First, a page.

Tag Archives: Guitar

Graham Dechter

Today I would like to present an extraordinary guitar player. His name is Graham Dechter and I had the chance to see him live in Bern at Marian’s Jazzclub on October 17 (see the picture above).

He joined the Clayton-Hamilton Jazz Orchestra when he was 19. In 2011, he played on Michael Bublé’s best-selling “Christmas” album and made followup television appearances backing the popular singer on The Today Show, Regis & Kelly, the Rockefeller Center Christmas Tree Lighting and on Michael Bublé’s NBC Christmas special.

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Graham Dechter follows in the lineage of his guitar heroes like Wes Montgomery, Barney Kessel, Grant Green and Herb Ellis. “I tend to veer towards the real swinging stuff,” says Dechter. “I love listening to and appreciate many different styles of music, both within and out of the jazz idiom. But in terms of my own conception, I really live in that swinging realm. Guitarists like Wes Montgomery and Barney Kessel, as well as other instrumentalists like Oscar Peterson, Ray Brown and Ben Webster — all of those musicians have been a huge influence on my playing.”.

Especially Barney Kessel is his main influence. He came to Bern with his Lineage Trio with Alex Frank on double bass and Ryan Shaw on drums and the idea of this trio is to build the lineage from the Poll Winner Trio Barney Kessel, Ray Brown and Shelly Manne into today’s Jazz scene. All three musicians have their direct or indirect personal relation to these three poll winners and so they strongly relate to this heritage. The music itself is entertaining and sophisticated, swinging and in line with the tradition.

If you get the chance to listen to these guys, don’t miss it. Graham Dechter is really one of the most remarkable guitar players on the scene and his Lineage Trio is a treat for your ears.

The trio brought a nice EP with them, which I bought and (as you can see) got signed. All five songs on this EP are part of their standard repertoire, so a nice souvenir form this evening. Unfortunately, these songs are not published online.

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Here is a promotional video for his album “Takin’ It There”:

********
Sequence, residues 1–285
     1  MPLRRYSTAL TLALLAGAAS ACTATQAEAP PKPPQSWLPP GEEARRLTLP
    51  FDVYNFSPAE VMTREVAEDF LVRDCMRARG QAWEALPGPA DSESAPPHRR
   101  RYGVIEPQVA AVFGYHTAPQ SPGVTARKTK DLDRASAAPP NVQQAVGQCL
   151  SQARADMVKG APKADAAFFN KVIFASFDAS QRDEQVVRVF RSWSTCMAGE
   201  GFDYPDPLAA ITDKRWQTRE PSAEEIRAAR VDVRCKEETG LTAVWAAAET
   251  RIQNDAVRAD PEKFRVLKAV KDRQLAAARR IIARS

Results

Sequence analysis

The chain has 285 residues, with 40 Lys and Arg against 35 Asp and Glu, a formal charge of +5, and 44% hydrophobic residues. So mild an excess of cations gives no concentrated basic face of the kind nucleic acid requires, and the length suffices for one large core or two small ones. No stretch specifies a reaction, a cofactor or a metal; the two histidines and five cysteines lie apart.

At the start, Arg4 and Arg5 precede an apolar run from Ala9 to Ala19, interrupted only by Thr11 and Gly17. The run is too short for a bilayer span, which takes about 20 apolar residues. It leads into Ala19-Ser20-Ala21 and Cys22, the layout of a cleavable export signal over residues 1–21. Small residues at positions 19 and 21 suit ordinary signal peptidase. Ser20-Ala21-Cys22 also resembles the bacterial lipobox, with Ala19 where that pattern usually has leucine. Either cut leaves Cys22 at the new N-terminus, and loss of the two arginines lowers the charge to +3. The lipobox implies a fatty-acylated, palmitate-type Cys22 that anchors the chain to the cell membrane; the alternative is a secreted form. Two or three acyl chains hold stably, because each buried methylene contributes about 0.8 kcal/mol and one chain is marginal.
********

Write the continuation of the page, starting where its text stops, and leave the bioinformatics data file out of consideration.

Another video with his Lineage Trio:

And finally links to his website and to the Lineage Trio website:
http://grahamdechter.com/
http://www.lineagetrio.com/

CD of the Month: Jeanne Gies – Howard Alden – Window

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My favorite album at the moment comes from Jeanne Gies and Howard Alden and is called “Window”. It features nine original compositions from from Brazilian songwriter Manu Lafer. All the lyrics come from vocalist Jeanne Gies and the arrangements are by guitarist Howard Alden. The album was recorded 2016 in Brazil.

Jeanne Gies and Howard Alden are the only musicians on the album, so this is music at its core, no extensive sound painting, just a singer and a guitar. Both musicians have a lot of experience in this setup and know how to make a diversified and entertaining album.

I met Jeanne Gies some weeks ago at a jazz workshop in Bozen, Italy where she was teaching the vocalists’ class while I was trying to improve my guitar playing (here is a picture of her together with Si Wages).

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I had the chance to listen to her basically every evening after dinner singing jazz standards accompanied by one or two guitars, and I think this is one of her favorite setups. In this constellation she has the freedom and the space to fill a room with her unique swinging and extremely precise voice. The lyrics are always clear to understand and are an important part in her singing. Her voice is light as a feather, only with a rarely used light vibrato and her phrasing is pure jazz.